The fight was not yet over, however. Early in 2010, the Pennsylvania Builders Association filed for a preliminary injunction to halt the requirement for sprinklers. Although the injunction was filed against the state’s Department of Labor and Industry, the sprinkler coalition filed an amicus brief with the court. The judge did not agree with the builders, and the sprinkler advocates were again victorious. The builders then filed for permanent injunctive relief. The hearing was held mid-year. The judge labeled the builder’s arguments “disingenuous” when finding for the sprinklers.

In November 2010, the builders had convinced the legislature to consider Pennsylvania HB 1196, which would “delay” the requirement for the installation of sprinklers in single-family detached and semidetached dwellings for one year. Both sides of the argument, the wrong side (the builders) and the right side (sprinkler advocates), lobbied hard to keep the code as it is. The sprinkler coalition believes that the “delay” would only provide the builders another year to have the requirement stricken in its entirety. In addition, there has been a major change in the makeup of the legislature in the recent election. The builders, we are told, are ready to launch a new campaign next year if they are not successful with the current HB 1196. The Pennsylvania House of Representatives adjourned for the legislative season on November 15, 2010, without considering House Bill 1196. Sprinklers are “in” in Pennsylvania!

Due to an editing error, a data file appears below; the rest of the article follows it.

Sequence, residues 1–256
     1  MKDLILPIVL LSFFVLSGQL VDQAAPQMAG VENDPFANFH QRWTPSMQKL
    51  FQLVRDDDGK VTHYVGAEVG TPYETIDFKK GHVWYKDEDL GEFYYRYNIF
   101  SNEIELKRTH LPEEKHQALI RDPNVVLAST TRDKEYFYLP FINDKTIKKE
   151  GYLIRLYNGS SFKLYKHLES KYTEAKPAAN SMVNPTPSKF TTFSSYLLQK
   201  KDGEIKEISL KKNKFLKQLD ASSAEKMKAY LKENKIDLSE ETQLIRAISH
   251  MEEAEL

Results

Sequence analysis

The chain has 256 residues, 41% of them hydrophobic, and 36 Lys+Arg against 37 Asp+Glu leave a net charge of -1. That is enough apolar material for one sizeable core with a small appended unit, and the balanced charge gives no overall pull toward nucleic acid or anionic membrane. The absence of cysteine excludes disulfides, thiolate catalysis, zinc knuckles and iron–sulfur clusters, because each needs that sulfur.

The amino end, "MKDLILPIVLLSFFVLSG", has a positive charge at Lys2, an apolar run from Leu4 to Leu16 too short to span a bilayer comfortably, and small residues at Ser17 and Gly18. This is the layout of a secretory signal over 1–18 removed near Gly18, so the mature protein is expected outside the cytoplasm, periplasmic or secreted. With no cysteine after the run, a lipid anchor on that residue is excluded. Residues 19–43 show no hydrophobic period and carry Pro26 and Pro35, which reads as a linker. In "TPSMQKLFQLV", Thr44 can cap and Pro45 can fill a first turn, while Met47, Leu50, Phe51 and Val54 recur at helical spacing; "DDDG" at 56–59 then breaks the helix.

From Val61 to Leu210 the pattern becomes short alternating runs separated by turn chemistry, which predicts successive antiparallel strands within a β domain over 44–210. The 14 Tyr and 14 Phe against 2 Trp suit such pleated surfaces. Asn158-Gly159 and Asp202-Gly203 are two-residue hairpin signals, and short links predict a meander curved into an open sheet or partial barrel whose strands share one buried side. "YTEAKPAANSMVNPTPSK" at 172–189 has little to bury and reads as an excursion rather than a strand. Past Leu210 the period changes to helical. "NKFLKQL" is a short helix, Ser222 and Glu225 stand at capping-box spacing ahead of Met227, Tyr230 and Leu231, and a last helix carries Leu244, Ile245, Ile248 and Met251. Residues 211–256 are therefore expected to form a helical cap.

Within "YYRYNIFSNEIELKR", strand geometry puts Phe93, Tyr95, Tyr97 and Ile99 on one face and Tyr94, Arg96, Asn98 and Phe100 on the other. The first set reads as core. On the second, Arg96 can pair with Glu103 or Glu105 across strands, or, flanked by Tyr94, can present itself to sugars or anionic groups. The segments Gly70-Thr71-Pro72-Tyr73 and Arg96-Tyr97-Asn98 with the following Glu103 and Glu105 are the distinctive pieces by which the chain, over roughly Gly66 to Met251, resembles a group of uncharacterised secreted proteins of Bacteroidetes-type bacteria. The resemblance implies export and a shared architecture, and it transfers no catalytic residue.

In 2008, Pennsylvania’s legislature passed laws (HB 1133 and its companion bills) making local municipalities responsible for the fire service delivery system for their constituents. Sprinklers, acting as flashover prevention systems, can have a definitive effect on that delivery system. Local governments should not be hamstrung in their mandated fire safety responsibility by legislation that would forbid them to use all of the resources needed to combat their fire problem, namely fire sprinkler systems.